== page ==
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In quick response code, hope for Kashmir’s carpet industry

The handicrafts industry has been on the verge of collapse because of falling exports

Muzaffar Raina Srinagar Published 14.03.22, 01:11 AM
A Kashmiri artisan displays a portrait of actor Salman Khan woven on a silk carpet in Srinagar last month.

A Kashmiri artisan displays a portrait of actor Salman Khan woven on a silk carpet in Srinagar last month. PTI Photo

The export of a measly 40,000 euros (Rs 33.5 lakh) worth of Geographical Indication-tagged carpets has held out a glimmer of hope for the revival of the Valley’s dying but famed carpet industry.

The Jammu and Kashmir government on Friday flagged off the Valley’s first-ever export consignment of GI-tagged carpets. The export, to Germany, comes following the introduction of a quick response (QR) code mechanism for the certification and labelling of handmade Kashmiri carpets.


Officials claim the move will discourage the production of counterfeits and restore the credibility of the hand-knit Kashmiri carpet in its traditional markets in Europe and the US.

Kashmir’s handicrafts industry, primarily its carpets, along with tourism and agriculture has been the mainstay of the Valley’s economy for generations.

But the handicrafts industry has been on the verge of collapse because of falling exports, with the carpets bearing the brunt. Tens of thousands of artisans have quit the craft over the years.

Mehmood Ahmad Shah, director of the government’s handicrafts and handloom department, said the QR code attached to a GI tag would help preserve the quality and reputation of Kashmiri carpets.

“There are concerns about quality. Machine-made carpets have been dubbed handmade. Customer trust has gone down. If you want to bring customer trust back, you will need to introduce certification. There is no better certification than the QR code,” Shah told The Telegraph.

“The customer, otherwise, cannot count the knottage. Is it possible to know the material? We capture all data, like who made it, how much time it took, what material was used, what the knottage and size are.”

Shah said there should be a promotional campaign telling customers why they should ask for the GI tag.

“Eventually, it will boost exports as the carpets will be treated on a par with the quality/ price of Iranian and Turkish hand-knit carpets,” he said.

Umar Hameed, chairperson of the Carpet Export Promotion Council, said the QR code “will discourage counterfeits, which cost the weavers’ community and the industry”.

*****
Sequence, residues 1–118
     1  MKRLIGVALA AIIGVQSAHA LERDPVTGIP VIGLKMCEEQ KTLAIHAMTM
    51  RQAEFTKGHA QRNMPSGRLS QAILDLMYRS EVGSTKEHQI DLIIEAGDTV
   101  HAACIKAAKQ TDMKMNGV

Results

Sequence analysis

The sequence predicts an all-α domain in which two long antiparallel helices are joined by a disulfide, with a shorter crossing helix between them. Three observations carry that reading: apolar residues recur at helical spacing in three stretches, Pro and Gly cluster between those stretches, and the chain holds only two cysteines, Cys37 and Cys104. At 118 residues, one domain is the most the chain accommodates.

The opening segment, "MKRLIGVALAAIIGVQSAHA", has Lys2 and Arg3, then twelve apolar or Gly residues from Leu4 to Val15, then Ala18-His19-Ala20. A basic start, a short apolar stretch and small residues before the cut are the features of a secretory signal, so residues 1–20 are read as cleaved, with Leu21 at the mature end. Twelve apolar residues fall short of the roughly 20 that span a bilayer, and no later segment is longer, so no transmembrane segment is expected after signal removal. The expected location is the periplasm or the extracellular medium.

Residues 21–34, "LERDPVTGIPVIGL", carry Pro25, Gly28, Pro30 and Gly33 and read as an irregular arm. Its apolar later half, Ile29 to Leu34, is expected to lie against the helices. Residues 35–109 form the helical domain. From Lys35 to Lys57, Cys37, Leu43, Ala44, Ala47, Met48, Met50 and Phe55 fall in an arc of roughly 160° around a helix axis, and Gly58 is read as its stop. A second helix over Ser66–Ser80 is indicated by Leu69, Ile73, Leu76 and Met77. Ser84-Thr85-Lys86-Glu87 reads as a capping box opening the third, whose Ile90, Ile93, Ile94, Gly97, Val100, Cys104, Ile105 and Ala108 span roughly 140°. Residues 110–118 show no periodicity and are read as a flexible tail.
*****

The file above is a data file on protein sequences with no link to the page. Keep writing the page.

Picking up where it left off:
Kashmiri carpets were granted the GI tag in June 2016. That it took six years to start certifying the carpets is testimony to how things work in Jammu and Kashmir.

In these six years, the Valley has witnessed lockdowns over the 2016 killing of militant Burhan Wani, the 2019 scrapping of the special status and the pandemic — all of which paralysed life for months and deepened the carpet industry’s miseries.

When Srinagar last year made it to Unesco’s Crafts and Folk Arts category, it evoked an elated response from Prime Minister Narendra Modi.

“Delighted that beautiful Srinagar joins the @UNESCO Creative Cities Network (UCCN) with a special mention for its craft and folk art. It is a fitting recognition for the vibrant cultural ethos of Srinagar. Congratulations to the people of Jammu and Kashmir,” he tweeted.

On the ground, those associated with handicrafts say there is little to cheer about.

Carpets made in Jammu and Kashmir are being exported to more than 20 countries. In 2020-21, carpets worth Rs 115 crore were exported to Germany. This was out of total exports of Rs 300 crore that financial year — less than half the carpet exports in 2011-12.

Carpet dealer Tariq Shah said it was already too late for the industry.

“I think more than 80 per cent of weavers have quit the craft. Some of our folks continued to export poor-quality carpets to make good bucks and there was nobody to check the trend. The carpets were our pride but are no longer so,” he said.

“Government apathy and the surge in the production of machine-made carpets too hit us hard. A carpet weaver

who toils eight hours a day gets Rs 250, compared with the Rs 700 he earns as a day labourer. I don’t see any revival happening.”

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